The social housing sector is beginning to recognise there is much it can do to in this reset UK society is reflecting upon as we come out of this third lockdown. The National Housing Summit organised by the NHF had a number of sessions where the debate centred around, disproportionality and disparities in the makeup of housing organisations governing bodies, chief executives and senior management teams in the housing association movement. Equality, diversity and inclusion is now central to the debate, with the NHF new code of governance giving a nod to the social housing sector to change its ways and make EDI central to strategic and succession planning moving forward.
The Mayor of London’s Sadiq Khan’s, GLA in it’s new affordable housing programme 21/26 have given clear directives outlining that “All investment partners will be contractually required to meet minimum standards within one year of their grant allocation being approved by the GLA. These standards seek to implement the Mayor’s Good Work Standard ‘diversity and recruitment’ pillar and are being introduced to reflect the Mayor’s commitment to ensuring London is a more equal, diverse and inclusive city for all. This is a welcomed direction of travel, and we watching closely to see what impact these policy directives will have. But what’s more concerning is the question of supply when it comes to affordable homes, and even more importantly for BME communities and particularly, Black African, Black African Caribbean and Black British when we consider homes for Social Rent. This demographic relies on and is more likely to need homes for social rent, owing to the disparities in poverty, homelessness, the economics of discrimination, higher unemployment, lack of opportunity etc.
With the UK government and the Mayor of London not meeting targets of building new affordable homes, the news that the number of council and housing association homes being let at social rent fell by 210,000 between 2012 and 2020, from the Chartered Institute of Housing’s (CIH) UK Housing Review makes grim reading when analysed from the perspective of BME communities future potential demands.
The annual report by the CIH found that UK-wide 280,000 social rent homes have been sold, converted to higher rents, or demolished since April 2012, while just 70,000 new social rent homes have been built.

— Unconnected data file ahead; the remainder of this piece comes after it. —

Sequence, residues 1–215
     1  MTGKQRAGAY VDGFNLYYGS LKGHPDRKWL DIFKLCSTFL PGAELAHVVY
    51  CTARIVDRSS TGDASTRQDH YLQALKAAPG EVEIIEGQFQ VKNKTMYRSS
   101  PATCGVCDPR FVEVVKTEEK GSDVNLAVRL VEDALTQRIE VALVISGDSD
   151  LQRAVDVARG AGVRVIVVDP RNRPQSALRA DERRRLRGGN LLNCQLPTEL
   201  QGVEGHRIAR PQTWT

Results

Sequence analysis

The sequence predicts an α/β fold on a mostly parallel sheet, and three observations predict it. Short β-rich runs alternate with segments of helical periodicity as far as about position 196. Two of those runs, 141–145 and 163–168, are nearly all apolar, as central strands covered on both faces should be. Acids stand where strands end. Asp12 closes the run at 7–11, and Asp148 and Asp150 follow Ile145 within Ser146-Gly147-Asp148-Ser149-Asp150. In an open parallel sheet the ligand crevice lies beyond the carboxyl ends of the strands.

Right to Buy sales, which accounted for 120,000 homes, and conversion to higher affordable rent tenures, which accounted for 116,000 homes, were the two biggest reasons for the loss of social rent homes. If the math doesn’t add up, who is there to lobby and advocate for those most in need? And what will the fallout be if we do not arrest the demise of homes for social rent?
According to the review, the supply of social rented homes is likely to decrease further as a result of the pandemic. Just 10,531 affordable homes of all types were started under grant-funded programmes in the first half of 2020/21, compared with 17,980 for the same period in 2019/20. While the government has promised to deliver 32,000 social rent homes outside of London in the next five years, this is just 4,000 more in the previous five years and is not enough to replace homes that will be lost through Right to Buy sales, the report warns.
To his credit, the Mayor of London, has added to his Affordable Homes Funding Guidance, The GLA particularly encourages bids that demonstrate partnership working with Black, Asian and Minority Ethnic housing associations in development, service delivery or staff development amongst other strategic objectives, where larger Registered Providers will have to engage partners at a more local level to deliver new homes.
But question must be asked what difference is this going the really make to addressing the disparities in housing need, and what will it take to tackle this conundrum? Is it ok for us to accept the status quo, when it can be argued there’s more need for equity in the game of accessing affordable housing. These and many other questions BMELL will be seeking to answer as part of its project programmes in the coming year. The BMELL collaboration have established three key initiatives which it is developing with partners social housing sector over the next 18 months. They are as follow:-
Social Housing Anti Racism Initiative
- Provide challenge to the social housing sector to drive action on Anti Racism
- Promote actions and targets that RSL’s should be held accountable for
- Drive engagement with Registered Providers around Anti-Racism
BMELL Tenants Forum
Empower BMELL Tenants to champion their voices so that they are heard separately to influence policy and shape service delivery
Housing Manifesto for Change
The production Housing Manifesto for Change white paper concerning the disparities faced by BME tenants and BME Communities in social housing, with findings and recommendations to influence and shape social housing sector policy
If you interested in finding out more about BME London Landlords project programme or are interested in finding out how you can support these initiatives please contact us at email@example.com